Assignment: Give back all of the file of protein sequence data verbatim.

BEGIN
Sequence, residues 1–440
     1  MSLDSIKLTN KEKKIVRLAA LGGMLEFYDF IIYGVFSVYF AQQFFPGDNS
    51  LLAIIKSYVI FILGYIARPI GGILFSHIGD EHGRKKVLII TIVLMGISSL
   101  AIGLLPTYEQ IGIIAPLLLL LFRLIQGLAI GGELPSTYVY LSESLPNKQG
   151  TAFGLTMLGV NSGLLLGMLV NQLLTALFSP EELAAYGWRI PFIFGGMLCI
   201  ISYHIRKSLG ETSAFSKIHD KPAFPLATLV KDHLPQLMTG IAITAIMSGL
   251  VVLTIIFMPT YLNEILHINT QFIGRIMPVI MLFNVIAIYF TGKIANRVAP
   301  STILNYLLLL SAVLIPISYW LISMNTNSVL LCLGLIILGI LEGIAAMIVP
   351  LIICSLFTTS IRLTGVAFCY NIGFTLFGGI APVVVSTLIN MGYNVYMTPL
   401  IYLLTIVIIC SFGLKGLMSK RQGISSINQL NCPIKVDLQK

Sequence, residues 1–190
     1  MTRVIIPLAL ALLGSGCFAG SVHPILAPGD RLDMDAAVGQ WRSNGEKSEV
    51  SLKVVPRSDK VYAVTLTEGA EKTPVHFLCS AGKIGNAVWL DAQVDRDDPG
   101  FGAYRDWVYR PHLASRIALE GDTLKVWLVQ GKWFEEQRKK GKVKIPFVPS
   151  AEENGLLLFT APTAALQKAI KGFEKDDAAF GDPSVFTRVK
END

Sequence, residues 1–440
     1  MSLDSIKLTN KEKKIVRLAA LGGMLEFYDF IIYGVFSVYF AQQFFPGDNS
    51  LLAIIKSYVI FILGYIARPI GGILFSHIGD EHGRKKVLII TIVLMGISSL
   101  AIGLLPTYEQ IGIIAPLLLL LFRLIQGLAI GGELPSTYVY LSESLPNKQG
   151  TAFGLTMLGV NSGLLLGMLV NQLLTALFSP EELAAYGWRI PFIFGGMLCI
   201  ISYHIRKSLG ETSAFSKIHD KPAFPLATLV KDHLPQLMTG IAITAIMSGL
   251  VVLTIIFMPT YLNEILHINT QFIGRIMPVI MLFNVIAIYF TGKIANRVAP
   301  STILNYLLLL SAVLIPISYW LISMNTNSVL LCLGLIILGI LEGIAAMIVP
   351  LIICSLFTTS IRLTGVAFCY NIGFTLFGGI APVVVSTLIN MGYNVYMTPL
   401  IYLLTIVIIC SFGLKGLMSK RQGISSINQL NCPIKVDLQK

Sequence, residues 1–190
     1  MTRVIIPLAL ALLGSGCFAG SVHPILAPGD RLDMDAAVGQ WRSNGEKSEV
    51  SLKVVPRSDK VYAVTLTEGA EKTPVHFLCS AGKIGNAVWL DAQVDRDDPG
   101  FGAYRDWVYR PHLASRIALE GDTLKVWLVQ GKWFEEQRKK GKVKIPFVPS
   151  AEENGLLLFT APTAALQKAI KGFEKDDAAF GDPSVFTRVK